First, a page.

Time to talk about a windfall tax

In a climate of negative growth, everyone should be expected to join the effort of ‘socialising the costs’. What remains uncertain is whether businesses can even return to Malta’s ‘growth-for-growth’s-sake’ economic model after the crisis is over

Former finance minister Tonio Fenech’s proposal to freeze the economy – in his words, give it a ‘time out’ until we bounce back after the crisis is over – is a generally plausible (albeit radical) suggestion in such unprecedented circumstances.

The idea is to get the economy to ‘sit still’: postpone tax collection, waive fees, stop interest profiteering, support landlords in compensation for rent stoppage, and to keep workers employed with subsidised wages.

Another suggestion, from academics like Prof. Godfrey Baldacchino, is for employees to bite the bullet and accept a 20% cut in wages until the crisis subsides.

Meanwhile, Prof. Joe Falzon argues that without a massive stimulus package, Malta could be looking at unemployment rates of 55,000. Likewise, the Chamber of Commerce - which polled members and found just 10% satisfied with Robert Abela’s ‘mini-Budget’ - believes up to 45,000 jobs might be lost.

In a nutshell, Malta is gazing into a future aptly described as its own Great Depression. Only a sensible, bipartisan, and radical reorganisation of our economic model will help us through the next months to come, as we stave off the health repercussions of the coronavirus pandemic.

It is clearly a war on two fronts: public health, and the economy.

Tonio Fenech’s timely proposal also echoes Denmark’s economic strategy. In a deal with trade unions and employers’ associations to prevent mass layoffs, the Danish state agreed to cover 75% of wages of workers threatened by job loss, up to €3,000.

Companies will cover the remaining 25%, while workers will give up five days of paid vacation time. The deal covers companies which would have to lay off at least 30% of staff. In return, companies commit to not lay off any staff while they’re receiving state compensation.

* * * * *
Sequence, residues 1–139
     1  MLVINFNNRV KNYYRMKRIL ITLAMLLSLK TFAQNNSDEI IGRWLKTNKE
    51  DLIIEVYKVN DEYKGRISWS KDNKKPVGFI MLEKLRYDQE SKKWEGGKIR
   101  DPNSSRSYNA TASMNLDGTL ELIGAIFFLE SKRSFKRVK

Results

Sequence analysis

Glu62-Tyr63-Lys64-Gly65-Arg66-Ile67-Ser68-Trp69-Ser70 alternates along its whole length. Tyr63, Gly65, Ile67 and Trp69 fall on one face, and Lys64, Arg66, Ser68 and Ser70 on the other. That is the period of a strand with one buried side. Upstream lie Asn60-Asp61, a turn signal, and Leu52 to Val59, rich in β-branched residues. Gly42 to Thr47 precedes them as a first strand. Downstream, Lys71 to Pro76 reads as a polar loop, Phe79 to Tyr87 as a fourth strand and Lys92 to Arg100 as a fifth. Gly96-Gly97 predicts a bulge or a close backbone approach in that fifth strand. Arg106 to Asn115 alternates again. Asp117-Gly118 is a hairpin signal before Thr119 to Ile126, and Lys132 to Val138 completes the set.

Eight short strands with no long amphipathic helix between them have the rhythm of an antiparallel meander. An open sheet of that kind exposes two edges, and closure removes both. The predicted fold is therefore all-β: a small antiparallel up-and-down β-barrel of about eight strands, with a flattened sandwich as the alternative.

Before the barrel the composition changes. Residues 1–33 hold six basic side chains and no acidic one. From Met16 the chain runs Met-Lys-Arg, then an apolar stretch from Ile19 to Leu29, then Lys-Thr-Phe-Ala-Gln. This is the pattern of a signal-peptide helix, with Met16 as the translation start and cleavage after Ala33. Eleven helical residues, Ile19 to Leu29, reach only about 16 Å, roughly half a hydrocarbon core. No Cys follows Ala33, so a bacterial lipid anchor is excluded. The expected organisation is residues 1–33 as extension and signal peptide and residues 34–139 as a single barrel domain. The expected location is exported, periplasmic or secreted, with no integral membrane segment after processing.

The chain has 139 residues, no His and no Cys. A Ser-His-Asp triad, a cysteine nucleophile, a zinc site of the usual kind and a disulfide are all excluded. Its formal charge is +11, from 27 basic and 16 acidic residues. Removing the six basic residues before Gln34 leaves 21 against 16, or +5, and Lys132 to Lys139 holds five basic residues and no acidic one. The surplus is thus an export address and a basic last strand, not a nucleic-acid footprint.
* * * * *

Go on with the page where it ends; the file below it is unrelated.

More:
Readers should note that this is not a handout: it is rather an investment; a way of keeping aggregate demand up, to avoid small businesses losing recruitment strength, to maintain economic confidence, and to prevent an even worse economic crisis further down the road.

But the model is not without its pitfalls. If self-employed and landlords are to be compensated for lost business – and even then, only up to a percentage of average salaries – then it is imperative that people on casual and zero-hour contracts are also covered: these being seldom represented by unions.

And it is also arguable that industries who have prospered in the boom-times cannot be expected to have all their costs socialised among the taxpayer.

However, there is another question to put to ourselves. Will the national economic sacrifice of the lockdown, and the call on the state to compensate for loss of business and wages, be accompanied by equally radical contributions back to the State?

In this respect. one measure than might be contemplated is a windfall tax on banks’ profits this year.  Just as we expect the government to provide ‘windfall support’ to ailing businesses… it is not unreasonable that this should be matched by a tax on extraordinary profits.

In 2019, banks like Bank of Valletta and HSBC Malta respectively declared €89m (up 25%) and €45 million (up 24%) in profits: driven in part by net interest income of €152m and €112m respectively (almost half their total income) in a market of cautious, home-owning savers.

But the case here is not to conjure up a jaundiced view of bankers, and arbitrarily confiscate their monies (as has happened in this country before). The simple reality is that local banks have made millions in profits; and their generous subvention, through a windfall tax, would be essential to help the country restore its buoyant economy at the time of the fightback.

Such policies are also necessary to control the health risks of the pandemic: which could be doubly devastating for Malta. Until people’s lives are rendered secure by the State, more people and businesses will be respectful of lockdown rules and the rights of workers affected by the pandemic.

For it will require the State’s same commitment to welfare as ever before, to protect the weakest from falling into a vicious cycle of abuse, exploitation and criminality. Without getting the banks on board – by postponing interest rates and fees, for instance – any stimulus package would be uneven.

In a climate of negative growth, everyone should be expected to join the effort of ‘socialising the costs’. What remains uncertain is whether businesses can even return to Malta’s ‘growth-for-growth’s-sake’ economic model after the crisis is over.

Unsustainable jobs lost in the crisis will not return; technological displacement will further a generational loss of certain human skills; the threat of the virus to our supply chain further puts into question Malta’s construction madness to house service workers (without ecological self-reliance), at the risk of the loss of agriculture.

At this stage, a touch of cautious populism is necessary. A windfall tax will help us bear the pain, ahead of a deep recession that will radically change employment relations.